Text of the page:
My son had requested that I make the room colorful. His favorite color is red, so I wanted to find a way to incorporate this into the design. I chose the color "Colorful Leaves" by Behr and decided to try my hand at painting a tile-looking backsplash behind the vanity. I knew I wouldn't need much paint for this so I only purchased a small sample size. The color ended up being a bit more orange than I anticipated, so I mixed in the color "Spiced Cider" (Behr) which I already had on hand, to create more of a burnt orange color.

I marked off the area I wanted to be "tile" with painters tape and painted the burnt orange on. Once it was dry, I used a fine point sharpie paint pen and a straight edge to draw on "grout lines" making it look like it was actual tiles in the bathroom.

It definitely took a few tries to get it right, but once I figured out a method that worked for me, it was a breeze!

Next I tackled the vanity. First I removed the doors and drawers and primed everything with BIN Shellac primer. This stuff is my favorite primer for any kind of furniture because not only is it super durable but it also usually doesn't require any sanding. The color I chose for the vanity was "Accessible Beige" by Sherwin Williams. I have used this color before and already knew I loved it and still had some on hand which made this decision a no-brainer.

For the cabinet doors I decided to use my design concept #2 which is "Utilize Scrap Materials." Using some thin scrap plywood and some very affordable thin trim pieces, I was able to create a custom "sunshine" design on my vanity doors. This was a special design choices for me because "You Are My Sunshine" has always been the song I sing to my boys from the moment I've found out I'm pregnant.

Simply by using some scrap wood and a meaningful design, my once builder grade vanity became very custom made.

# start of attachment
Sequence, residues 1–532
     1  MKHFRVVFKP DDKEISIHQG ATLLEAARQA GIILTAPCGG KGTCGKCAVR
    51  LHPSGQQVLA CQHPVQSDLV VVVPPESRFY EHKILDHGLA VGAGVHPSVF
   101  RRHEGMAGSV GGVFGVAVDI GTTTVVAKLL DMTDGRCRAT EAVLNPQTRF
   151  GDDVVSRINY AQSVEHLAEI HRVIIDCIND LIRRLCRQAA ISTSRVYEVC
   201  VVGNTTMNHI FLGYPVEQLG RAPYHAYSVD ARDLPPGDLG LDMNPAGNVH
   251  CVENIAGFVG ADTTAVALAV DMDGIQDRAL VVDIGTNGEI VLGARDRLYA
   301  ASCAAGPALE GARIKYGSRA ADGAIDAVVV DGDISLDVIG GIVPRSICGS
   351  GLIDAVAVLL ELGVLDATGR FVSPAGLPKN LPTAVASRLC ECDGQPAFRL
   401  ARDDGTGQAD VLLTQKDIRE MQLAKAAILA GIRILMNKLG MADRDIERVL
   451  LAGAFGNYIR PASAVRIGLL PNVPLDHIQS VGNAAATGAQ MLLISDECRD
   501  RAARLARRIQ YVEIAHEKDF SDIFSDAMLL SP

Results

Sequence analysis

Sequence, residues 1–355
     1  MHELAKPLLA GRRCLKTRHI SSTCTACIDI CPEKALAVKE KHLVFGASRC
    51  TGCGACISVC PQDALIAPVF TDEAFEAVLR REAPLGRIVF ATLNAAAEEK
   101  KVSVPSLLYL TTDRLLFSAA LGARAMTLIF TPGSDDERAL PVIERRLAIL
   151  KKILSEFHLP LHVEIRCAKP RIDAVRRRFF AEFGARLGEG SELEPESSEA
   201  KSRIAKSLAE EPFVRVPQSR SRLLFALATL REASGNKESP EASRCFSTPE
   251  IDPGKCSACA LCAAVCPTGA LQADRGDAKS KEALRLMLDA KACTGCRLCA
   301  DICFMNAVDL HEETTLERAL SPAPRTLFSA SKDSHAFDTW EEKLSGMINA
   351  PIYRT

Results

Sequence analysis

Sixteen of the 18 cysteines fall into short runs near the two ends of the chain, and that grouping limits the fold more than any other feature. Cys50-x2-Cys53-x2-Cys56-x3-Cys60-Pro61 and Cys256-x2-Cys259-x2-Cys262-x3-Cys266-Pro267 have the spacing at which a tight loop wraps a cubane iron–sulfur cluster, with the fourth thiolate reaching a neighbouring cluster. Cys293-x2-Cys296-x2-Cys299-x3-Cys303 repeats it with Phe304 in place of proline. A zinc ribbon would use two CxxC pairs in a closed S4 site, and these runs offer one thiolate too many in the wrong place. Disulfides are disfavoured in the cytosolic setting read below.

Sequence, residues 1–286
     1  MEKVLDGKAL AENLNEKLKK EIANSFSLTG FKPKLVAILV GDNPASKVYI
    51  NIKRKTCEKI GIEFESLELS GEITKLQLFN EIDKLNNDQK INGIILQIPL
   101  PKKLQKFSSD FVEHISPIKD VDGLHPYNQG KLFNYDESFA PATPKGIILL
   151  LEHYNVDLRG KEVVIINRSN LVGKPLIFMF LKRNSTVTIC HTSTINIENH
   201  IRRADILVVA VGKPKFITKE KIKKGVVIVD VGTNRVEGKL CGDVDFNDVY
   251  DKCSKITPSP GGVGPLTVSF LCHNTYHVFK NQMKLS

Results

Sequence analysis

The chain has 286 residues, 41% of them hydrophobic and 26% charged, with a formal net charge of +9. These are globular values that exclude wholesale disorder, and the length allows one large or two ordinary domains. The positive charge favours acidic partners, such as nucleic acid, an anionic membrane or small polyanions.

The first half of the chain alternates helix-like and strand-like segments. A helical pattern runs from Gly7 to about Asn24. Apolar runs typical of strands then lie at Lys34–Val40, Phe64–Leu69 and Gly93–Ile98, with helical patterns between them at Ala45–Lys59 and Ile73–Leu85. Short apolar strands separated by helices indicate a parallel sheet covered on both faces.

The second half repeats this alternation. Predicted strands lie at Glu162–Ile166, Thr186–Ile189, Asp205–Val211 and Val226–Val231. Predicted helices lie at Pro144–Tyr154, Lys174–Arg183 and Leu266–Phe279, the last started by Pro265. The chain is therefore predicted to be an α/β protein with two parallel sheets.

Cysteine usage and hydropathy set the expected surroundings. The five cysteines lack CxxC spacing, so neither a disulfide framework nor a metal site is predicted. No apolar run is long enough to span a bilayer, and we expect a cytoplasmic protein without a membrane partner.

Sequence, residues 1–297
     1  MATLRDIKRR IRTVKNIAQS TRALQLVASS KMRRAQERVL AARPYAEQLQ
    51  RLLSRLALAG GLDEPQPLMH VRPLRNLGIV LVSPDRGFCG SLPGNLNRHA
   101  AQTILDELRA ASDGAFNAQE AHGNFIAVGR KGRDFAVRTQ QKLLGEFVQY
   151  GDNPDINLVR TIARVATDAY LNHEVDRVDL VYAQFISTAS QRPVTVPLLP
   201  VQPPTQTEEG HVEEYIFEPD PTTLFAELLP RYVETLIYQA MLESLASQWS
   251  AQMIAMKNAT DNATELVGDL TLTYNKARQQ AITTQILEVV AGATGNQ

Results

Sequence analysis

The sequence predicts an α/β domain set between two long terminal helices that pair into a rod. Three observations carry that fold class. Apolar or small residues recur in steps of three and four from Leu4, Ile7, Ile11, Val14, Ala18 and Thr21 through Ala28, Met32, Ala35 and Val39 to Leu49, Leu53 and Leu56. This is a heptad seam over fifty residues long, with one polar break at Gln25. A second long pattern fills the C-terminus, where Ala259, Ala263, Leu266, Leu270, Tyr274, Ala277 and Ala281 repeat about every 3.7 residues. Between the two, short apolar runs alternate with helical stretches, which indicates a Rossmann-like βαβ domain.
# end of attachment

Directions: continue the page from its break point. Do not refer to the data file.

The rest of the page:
Next, it was time to tackle the mirror and the light fixture.

For the mirror I was able to use the same trim wood that I used for the vanity to create a frame. I painted it black and because it was so lightweight, I was able to glue it directly to the mirror using extra strength multipurpose Elmer's glue.

For the light fixture, I simply took it down, spray painted it black, and used some thin scrap plywood to cut out a piece that would fit directly around the fixture. It looks beautiful and one of a kind, but took all of twenty minutes to make.

I finished off the vanity, by using appliance epoxy on the counter top and spraying the faucet black.

Now all that was left was my design concept #3 "Add something Unexpected". I decided to do this in two fun ways.

The first, was to create a gallery wall full of pictures of my boys. They're little boys and love seeing pictures of themselves. Since this was their bathroom, it was a perfect space to display some of my favorite pictures of them.

The second way I added something unexpected was to hand paint a fun mural on the final remaining wall. I choose my color palette, sketched out a quick design with a pencil, and before I could overthink it, painted it on using my favorite Zibra brushes.

Wall murals may seem intimidating, but they are such a simple way to transform a wall and require far less "artistic skill" then you may think. Stick with abstract or simple designs and remember that it's just paint! It can very easily be touched up, fixed, or replaced if you make a mistake or realize you don't like it.

With that, the transformation was complete. I had a great time creating this room, barely spent any money, my kids were thrilled, and the boring builder grade bathroom became an exciting custom made bathroom.

I'd say my mission was definitely complete.

In the days and weeks ahead, I am excited to dive into each of these projects more in depth but in the meantime, please find me on Instagram at I have many saved highlights of my projects with all the details. This project can be found under the highlights titled "kids bath1" and "kids bath2."

I hope that this inspires you to take on your builder grade rooms even if you don't have a giant budget. With a little creativity and out of the box thinking, even the most basic builder grade design can be transformed to custom made.


bottom of page